President Obama's nominee to be U.S. ambassador to the UN is one of the architects of the sovereignty redistribution doctrine known as Responsibility to Protect.
Sen. John McCain and his goal of openly intervening in the Syrian conflict on behalf of the foreign-backed rebels — many of whom openly fight under the banner of al-Qaeda — suffered a major setback this week after a public relations stunt backfired in spectacular fashion. Media reports that surfaced Thursday claimed some of the opposition fighters he met and posed for pictures with during a recent trip to Syria were actually extremists. In fact, the radicals are accused of kidnapping Lebanese pilgrims from a village in Aleppo province.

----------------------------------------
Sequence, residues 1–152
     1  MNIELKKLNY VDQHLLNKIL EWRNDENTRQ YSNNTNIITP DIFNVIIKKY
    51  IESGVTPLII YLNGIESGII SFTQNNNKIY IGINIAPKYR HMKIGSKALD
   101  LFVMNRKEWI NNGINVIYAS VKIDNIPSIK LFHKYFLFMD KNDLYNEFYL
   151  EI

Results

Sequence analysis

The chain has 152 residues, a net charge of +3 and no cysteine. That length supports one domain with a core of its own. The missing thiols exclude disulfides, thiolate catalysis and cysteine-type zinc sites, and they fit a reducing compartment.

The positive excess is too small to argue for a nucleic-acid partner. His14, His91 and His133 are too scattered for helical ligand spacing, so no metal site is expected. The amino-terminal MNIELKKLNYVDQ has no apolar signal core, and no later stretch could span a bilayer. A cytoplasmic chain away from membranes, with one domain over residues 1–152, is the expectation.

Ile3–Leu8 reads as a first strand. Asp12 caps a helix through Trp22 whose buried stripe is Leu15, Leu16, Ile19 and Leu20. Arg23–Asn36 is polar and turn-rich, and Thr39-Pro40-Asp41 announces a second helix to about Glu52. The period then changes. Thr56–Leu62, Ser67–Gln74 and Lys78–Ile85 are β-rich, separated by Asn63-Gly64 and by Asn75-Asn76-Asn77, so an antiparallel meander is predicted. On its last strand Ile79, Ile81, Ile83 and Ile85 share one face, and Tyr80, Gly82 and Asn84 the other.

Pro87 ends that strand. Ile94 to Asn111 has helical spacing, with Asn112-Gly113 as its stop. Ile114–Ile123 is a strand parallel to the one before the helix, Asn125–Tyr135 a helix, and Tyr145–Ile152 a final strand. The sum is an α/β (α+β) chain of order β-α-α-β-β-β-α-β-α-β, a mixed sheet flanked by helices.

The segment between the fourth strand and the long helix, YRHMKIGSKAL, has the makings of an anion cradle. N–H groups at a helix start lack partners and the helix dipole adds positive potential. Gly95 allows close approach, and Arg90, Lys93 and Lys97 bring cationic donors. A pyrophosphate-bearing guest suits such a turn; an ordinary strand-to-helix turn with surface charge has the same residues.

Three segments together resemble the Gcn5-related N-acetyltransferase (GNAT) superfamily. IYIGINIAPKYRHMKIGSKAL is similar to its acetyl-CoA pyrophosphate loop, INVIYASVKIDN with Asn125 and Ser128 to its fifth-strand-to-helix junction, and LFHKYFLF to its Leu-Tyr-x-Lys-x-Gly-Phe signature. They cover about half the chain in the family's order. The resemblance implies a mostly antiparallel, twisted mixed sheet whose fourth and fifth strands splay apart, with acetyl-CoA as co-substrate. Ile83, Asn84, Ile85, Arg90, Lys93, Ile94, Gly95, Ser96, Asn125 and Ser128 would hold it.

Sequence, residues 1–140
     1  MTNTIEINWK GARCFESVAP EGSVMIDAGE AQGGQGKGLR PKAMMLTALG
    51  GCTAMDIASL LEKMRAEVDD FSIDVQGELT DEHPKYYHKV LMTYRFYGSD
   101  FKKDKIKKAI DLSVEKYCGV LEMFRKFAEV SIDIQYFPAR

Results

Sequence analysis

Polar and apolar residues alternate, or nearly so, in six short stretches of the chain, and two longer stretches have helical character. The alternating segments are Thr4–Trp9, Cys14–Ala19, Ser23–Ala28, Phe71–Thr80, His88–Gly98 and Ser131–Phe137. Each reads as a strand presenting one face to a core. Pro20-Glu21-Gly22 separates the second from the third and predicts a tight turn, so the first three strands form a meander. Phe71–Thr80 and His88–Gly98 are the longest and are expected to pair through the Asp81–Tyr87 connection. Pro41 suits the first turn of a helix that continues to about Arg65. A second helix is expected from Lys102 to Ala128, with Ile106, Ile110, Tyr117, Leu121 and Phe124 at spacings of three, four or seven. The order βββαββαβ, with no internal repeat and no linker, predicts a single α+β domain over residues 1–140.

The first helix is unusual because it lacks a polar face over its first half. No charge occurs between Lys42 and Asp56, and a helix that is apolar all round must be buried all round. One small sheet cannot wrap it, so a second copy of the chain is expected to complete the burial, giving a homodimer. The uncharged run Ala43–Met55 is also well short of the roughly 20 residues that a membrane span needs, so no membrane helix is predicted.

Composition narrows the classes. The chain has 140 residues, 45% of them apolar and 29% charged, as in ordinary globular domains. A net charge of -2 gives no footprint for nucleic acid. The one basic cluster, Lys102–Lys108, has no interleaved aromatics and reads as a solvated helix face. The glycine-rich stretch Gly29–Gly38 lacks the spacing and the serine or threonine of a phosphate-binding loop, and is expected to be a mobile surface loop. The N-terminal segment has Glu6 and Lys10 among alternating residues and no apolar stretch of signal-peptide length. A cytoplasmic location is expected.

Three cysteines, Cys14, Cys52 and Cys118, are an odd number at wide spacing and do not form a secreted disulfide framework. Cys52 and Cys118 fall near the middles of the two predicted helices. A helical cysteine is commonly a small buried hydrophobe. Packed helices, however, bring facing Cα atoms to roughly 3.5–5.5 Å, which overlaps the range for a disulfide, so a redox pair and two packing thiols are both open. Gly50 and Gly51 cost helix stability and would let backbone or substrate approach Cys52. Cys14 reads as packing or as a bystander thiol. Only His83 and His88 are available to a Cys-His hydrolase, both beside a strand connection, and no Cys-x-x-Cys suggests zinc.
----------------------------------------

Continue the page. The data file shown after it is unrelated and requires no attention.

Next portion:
The Obama administration has warned British officials that if the U.K. leaves the European Union, it will exclude itself from the proposed Transatlantic Trade and Investment Partnership (TTIP), which may cost Britain hundreds of billions of pounds a year. President Obama has invested considerable political capital in both the TTIP and the Trans-Pacific Partnership (TPP), promoting both in his State of the Union Address to Congress on February 12, 2013.
John McCain has put "boots on the ground" in Syria after all — his own.
The senior senator from Arizona and ranking Republican on the Senate Armed Services Committee made the unannounced visit Monday to Syria, crossing the border from Turkey, accompanied by Gen. Salim Idris, leader of the rebel Free Syrian Army.
A number of Republicans spent part of the Memorial Day weekend roundly criticizing the plan announced by President Obama last week to limit the scope and eventually end the war on terror.